Interestingly, Bond plays his card later by telling Ourumov that Trevelyan “is a Lienz Cossack” that “will betray him just like everyone else”, trying to pit one against the other when his love interest Natalya is held at gunpoint by the General. The events from 1945 come back in a short but very intense scene held on a train carriage where Bond tries to remind Ourumov that in the first place the Lienz Cossacks have betrayed the Russians in the first place and that Janus would most likely betray him just as his parents did to Stalin, aiming to the Soviet pride heart of the General.
Bond and Ourumov seem like the only ones in the film to care about a nation and ideology, while characters like Zukovsky and Trevelyan are more interested in their own business and making a life in the new Russia, now laden of technology and the vices of the West. Ironically, the pressure that General Ourumov feels from the politicians in Russia is almost the same pressure James Bond feels at the MI6 headquarters in London with the new M, a female senior analyst who calls him “a relic of the Cold War” and is far from the style of the old Admiral Sir Miles Messervy that decorated his room with paintings of naval battles. These two characters are constructed as anachronisms that are trying to find their place in a post-Cold War setting, though Ourumov finds it under the tentacles of the evil Janus Syndicate.
A Modern Day James Bond Emerges
By the early days of 1990 there was much ado about how James Bond would survive the new decade after the end of the Cold War. Although not all the movies had plots focused on the Cold War (namely On Her Majesty’s Secret Service, Live And Let Die, Moonraker and Licence To Kill), the fact that James Bond had its inception in 1953 when he was sent to a casino in the South of France to beat a Soviet agent on a baccarat table in Ian Fleming’s novel Casino Royale has established him as a public enemy of the Soviet Union. Not in vain in nearly all the Fleming novels he confronts agents of SMERSH, the execution branch from the Russians. In the film, this was toned down during the hot political climate of the 1960s by having the USSR not directly being the enemy (and used for fools by the apolitical SPECTRE) or the enemy being the Red China, in association with villains like Dr. No or Auric Goldfinger.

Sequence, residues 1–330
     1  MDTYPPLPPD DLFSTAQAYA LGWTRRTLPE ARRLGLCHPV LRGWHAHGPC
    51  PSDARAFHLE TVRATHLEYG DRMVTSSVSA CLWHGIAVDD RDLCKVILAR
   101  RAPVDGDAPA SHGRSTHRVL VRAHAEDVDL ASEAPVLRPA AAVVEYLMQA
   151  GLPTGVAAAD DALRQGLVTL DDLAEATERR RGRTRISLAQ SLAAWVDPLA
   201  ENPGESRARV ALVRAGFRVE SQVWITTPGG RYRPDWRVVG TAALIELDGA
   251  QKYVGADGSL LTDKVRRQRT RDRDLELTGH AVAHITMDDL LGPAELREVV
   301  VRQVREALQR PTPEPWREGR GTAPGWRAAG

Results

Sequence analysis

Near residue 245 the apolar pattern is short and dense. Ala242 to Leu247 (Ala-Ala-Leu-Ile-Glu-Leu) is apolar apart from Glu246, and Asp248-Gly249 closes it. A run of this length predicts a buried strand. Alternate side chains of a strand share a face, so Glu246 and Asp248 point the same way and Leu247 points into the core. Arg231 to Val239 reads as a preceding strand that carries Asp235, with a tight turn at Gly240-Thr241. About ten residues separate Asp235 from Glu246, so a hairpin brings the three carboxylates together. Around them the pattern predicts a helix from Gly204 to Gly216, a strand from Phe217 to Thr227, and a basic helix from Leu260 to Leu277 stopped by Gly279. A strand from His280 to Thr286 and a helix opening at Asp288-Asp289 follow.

Either way, GoldenEye served as a farewell and a last trip to nostalgia from the days Bond battled the Russians and this was emphasized by the story, which relied very much on the current times and took notice of that archetypal image of James Bond as the number one enemy of Russia. Future Bond films with Pierce Brosnan and Daniel Craig would focus on other interesting aspects of their times, like mass media used as a weapon, the hoarding of natural sources or, more recently in 2015’s SPECTRE, the control of spy networks.
GoldenEye set the foundations for what Ian Fleming’s character should be in a post-Cold War era, on the road to the new Millennium and with new threats coming after the 9-11 attacks. It also proved that the character could keep reinventing itself and still be relevant while retaining its essence. In the words of screenwriter Bruce Feirstein: the world changed, but Bond didn’t. This was the formula for a film that expounded in the script what every moviegoer and film critic was wondering by the time: “Is James Bond still relevant?” GoldenEye not only proved that he was, but instead of jumping from an era to another it showed how much the world has changed and how much we still needed Bond every time a new geopolitical map is configured.
Nicolas Suszczyk is the author of The World of GoldenEye: A Comprehensive Analysis on the Seventeenth James Bond Film and Its Legacy, which is now out on Amazon. He also manages the sites The GoldenEye Dossier, Bond En Argentinaand co-admins The Secret Agent Lair with Jack Walter Christian. Other writing credits include the magazines MI6 Confidential and Le Bond, as well as the sites MI6: The Home of James Bond, The Spy Command and Siete y Medio.